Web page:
DESTINATION DYSTOPIA: COVID-19 Has Turned Paradise Into a Privacy Nightmare
A traveler surveillance system in Hawaii is bringing the potential civil-liberties pitfalls of disease detective work into clearer—and more disturbing—focus.
by Albert Fox Cahn and Melissa Giddings, StopSpying.org, Daily Beast, May. 25, 2020 (excerpt)
… In recent weeks, Hawaii has rolled out the so-called “Safe Travels System,” giving officials information on how travelers comply with the state’s 14-day quarantine requirement. On its face, the plan mirrors those imposed at a growing number of national borders—the U.S. included—in the face of the coronavirus outbreak. For jurisdictions with few COVID-19 cases, forcing newcomers to quarantine in hopes of containing the spread of a deadly illness can be a perfectly rational public policy.
But as lockdowns show signs of easing in some states, the system in Hawaii is bringing the potential civil-liberties pitfalls of disease detective work into clearer—and more disturbing—focus.
If you forget to register before you get on a plane to Hawaii right now, you’re in for a show. If you refuse to register or provide a false contact number upon arrival, police can arrest you on the spot. Some authorities are going even further, searching property tax records to verify travelers’ lodgings. Airport personnel roll mobile kiosks from gate to gate, checking phone numbers and addresses, making 7,600 phone calls in just the first 2 weeks to ensure numbers are legit and that people are staying put.
But while Safe Travels may be a practical requirement to enter Hawaii, it’s not a legal one. There’s no law or regulation requiring travelers to use the app. Even the Safe Travels website couches things in voluntary terms: “All persons traveling to or within Hawaii are encouraged to register your trip into the Hawaii Safe Travels System to expedite your exit from the airport.” But when a Washington man recently arrived in Honolulu without a confirmed address or proof he had funds to pay for a place to stay, he was sent back.
For the travelers who do “volunteer” to use the Safe Travels System, it’s not enough to just register with the site. For two weeks, travelers have to check in daily, reporting their health condition and address. Safe Travels will then use travelers’ location data to confirm where travelers are. While Americans are being asked to give sensitive health and location data to Hawaii officials, those same officials are reluctant to share how that data is being used. (The Hawaii Department of Transportation and governor’s office did not immediately respond to a request for comment.)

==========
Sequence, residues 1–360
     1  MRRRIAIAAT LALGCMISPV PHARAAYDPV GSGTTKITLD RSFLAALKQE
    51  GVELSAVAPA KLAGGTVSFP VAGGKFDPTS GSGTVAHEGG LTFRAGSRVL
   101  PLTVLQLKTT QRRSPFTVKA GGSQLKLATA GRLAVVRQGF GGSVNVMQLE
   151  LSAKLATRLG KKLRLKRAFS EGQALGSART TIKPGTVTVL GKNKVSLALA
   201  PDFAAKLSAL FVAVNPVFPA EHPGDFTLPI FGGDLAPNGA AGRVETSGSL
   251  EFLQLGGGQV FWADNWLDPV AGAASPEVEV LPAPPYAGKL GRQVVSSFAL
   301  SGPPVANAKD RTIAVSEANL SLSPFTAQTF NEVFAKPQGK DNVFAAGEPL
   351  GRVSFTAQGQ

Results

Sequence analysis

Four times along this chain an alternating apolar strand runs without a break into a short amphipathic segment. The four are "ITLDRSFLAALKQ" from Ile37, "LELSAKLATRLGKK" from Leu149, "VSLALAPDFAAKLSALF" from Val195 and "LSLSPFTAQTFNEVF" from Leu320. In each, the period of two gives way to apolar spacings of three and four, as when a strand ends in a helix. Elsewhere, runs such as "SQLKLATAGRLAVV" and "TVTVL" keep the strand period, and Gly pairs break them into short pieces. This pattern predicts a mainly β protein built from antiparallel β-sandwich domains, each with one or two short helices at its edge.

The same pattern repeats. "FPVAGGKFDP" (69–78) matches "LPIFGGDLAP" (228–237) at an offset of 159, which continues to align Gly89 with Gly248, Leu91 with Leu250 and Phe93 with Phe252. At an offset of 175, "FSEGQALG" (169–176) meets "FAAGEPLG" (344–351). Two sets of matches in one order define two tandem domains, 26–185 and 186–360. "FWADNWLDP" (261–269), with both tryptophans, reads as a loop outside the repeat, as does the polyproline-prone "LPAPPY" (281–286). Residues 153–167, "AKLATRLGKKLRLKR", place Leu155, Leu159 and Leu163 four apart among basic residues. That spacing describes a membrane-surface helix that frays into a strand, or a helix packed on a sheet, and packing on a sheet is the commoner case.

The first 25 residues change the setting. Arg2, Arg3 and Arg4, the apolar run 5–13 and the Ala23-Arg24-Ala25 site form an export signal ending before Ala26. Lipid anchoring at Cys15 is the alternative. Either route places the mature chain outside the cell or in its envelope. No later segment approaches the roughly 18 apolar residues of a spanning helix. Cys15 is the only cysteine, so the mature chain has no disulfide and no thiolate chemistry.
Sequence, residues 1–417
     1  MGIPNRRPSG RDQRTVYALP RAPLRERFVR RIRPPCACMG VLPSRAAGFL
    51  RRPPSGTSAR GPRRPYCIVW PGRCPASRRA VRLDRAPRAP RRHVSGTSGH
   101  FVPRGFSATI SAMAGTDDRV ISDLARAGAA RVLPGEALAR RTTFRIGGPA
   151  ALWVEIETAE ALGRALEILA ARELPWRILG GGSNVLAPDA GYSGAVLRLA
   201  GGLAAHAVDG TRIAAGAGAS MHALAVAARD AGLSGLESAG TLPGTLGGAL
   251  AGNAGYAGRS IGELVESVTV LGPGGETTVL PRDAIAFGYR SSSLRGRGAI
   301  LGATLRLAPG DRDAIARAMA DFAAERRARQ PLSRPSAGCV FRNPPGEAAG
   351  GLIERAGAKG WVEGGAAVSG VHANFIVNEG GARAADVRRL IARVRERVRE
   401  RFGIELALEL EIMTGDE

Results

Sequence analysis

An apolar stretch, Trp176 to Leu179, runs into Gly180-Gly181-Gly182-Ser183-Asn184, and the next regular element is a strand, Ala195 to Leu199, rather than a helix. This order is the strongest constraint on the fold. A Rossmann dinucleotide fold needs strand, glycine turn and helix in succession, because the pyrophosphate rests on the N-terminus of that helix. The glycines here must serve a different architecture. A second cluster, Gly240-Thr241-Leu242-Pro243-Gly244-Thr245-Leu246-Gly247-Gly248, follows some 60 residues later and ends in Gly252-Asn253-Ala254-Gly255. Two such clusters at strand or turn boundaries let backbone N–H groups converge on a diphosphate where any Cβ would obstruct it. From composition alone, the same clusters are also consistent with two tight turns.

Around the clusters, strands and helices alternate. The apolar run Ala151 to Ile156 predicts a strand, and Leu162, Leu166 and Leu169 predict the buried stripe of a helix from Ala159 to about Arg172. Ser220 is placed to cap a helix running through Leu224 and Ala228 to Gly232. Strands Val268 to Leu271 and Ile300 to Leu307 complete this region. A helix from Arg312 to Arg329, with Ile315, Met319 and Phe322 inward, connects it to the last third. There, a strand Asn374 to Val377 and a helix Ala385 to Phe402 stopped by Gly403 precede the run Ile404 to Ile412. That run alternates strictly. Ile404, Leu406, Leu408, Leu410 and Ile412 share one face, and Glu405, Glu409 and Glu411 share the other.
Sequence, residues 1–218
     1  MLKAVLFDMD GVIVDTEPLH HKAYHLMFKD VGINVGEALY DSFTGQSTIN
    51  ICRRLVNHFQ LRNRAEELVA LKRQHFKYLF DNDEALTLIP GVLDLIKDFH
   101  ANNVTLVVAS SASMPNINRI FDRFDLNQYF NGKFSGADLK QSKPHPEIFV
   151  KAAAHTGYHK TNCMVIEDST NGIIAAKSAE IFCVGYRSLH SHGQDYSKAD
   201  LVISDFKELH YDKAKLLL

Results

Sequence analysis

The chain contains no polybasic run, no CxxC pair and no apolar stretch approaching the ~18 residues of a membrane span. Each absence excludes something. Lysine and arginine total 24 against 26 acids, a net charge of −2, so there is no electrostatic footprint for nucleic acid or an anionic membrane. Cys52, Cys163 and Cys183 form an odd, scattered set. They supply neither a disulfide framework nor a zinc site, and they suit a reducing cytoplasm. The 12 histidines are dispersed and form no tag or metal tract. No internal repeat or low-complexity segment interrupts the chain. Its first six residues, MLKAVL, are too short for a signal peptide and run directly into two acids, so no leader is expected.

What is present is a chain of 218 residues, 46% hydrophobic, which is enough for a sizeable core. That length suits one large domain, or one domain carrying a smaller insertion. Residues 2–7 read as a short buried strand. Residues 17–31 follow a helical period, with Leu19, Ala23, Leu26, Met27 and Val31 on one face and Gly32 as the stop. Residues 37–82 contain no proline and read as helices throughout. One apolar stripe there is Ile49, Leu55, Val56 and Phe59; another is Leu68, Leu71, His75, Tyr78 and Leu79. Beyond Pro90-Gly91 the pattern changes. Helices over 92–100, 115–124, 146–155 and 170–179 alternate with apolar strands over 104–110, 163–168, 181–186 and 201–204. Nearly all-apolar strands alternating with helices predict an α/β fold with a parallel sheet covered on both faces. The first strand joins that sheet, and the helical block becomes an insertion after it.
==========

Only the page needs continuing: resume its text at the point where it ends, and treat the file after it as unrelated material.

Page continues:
Safe Travels’ FAQ website claims that data is only shared with “authorized personnel responsible for quarantine monitoring and enforcement,” but we have no way of knowing who those people are. And even if it’s just law enforcement agencies— as opposed to private entities—enforcing quarantine, that is no reassurance at all. Effectively, Americans have no way of knowing how much data a state might collect on them, how long it is held, or if Tapiki, the private firm that co-developed Safe Travels, has access to the data. (Tapiki did not immediately respond to a request for comment.)
If and when the app gets it wrong, there’s reason to fear users of color will pay the price. As GPS signals are often less accurate in densely constructed urban areas, lower-income travelers might be at higher risk of a false alarm. And it’s completely unclear how individuals will navigate Hawaii’s requirements when they stay in locations without reliable internet or cell service. Many of those most at risk from COVID-19, such as the elderly and communities of color, also lack access to a smartphone. As a result, Hawaii is threatening to turn the digital divide into a criminal offense.
The consequences are enormous. At a time when COVID-19 can easily turn detention into a death sentence, Hawaii authorities have already arrested approximately 20 people for violating quarantine, including a Florida man and an Illinois woman after witnesses saw them with shopping bags. A California man similarly was charged after allegedly traveling from his Hawaiian home to Costco. More recently, a second Colorado tourist was being sought after police learned she had canceled her reservation at the hostel where she registered to stay.
Even when this surveillance web paints an accurate picture of human behavior, it erodes public trust and cooperation at a time when they are needed most. In-state residents must quarantine at the address listed on their government-issued ID, creating an acute risk for many, such as survivors of domestic violence and those living with immunocompromised relatives or roommates. For undocumented Americans, the system creates yet another tool with which people could theoretically be tracked by ICE, coming just months after the Trump Administration reportedly purchased similar location data from commercial vendors.
Hawaii’s case is likely the most extreme to date, but it’s far from unique. In Washington State, civil rights watchdogs expressed alarm that the state was implementing manual contact-tracing requirements without adequate safeguards. Under the state’s effort, not only would 1,400 contact tracers be hired, but businesses would be required to keep a log of every customer they contacted. Across the country, New York City’s top civil rights watchdog expressed similar alarm at the lack of safeguards for data collected by the city and state’s combined contract tracing program, which may hire as many as 18,000 tracers. And at the same time, Silicon Valley’s effort to get into the COVID-19 tracking business has seen sharp pushback from civil rights and immigrant justice groups, including our own StopSpying.org….
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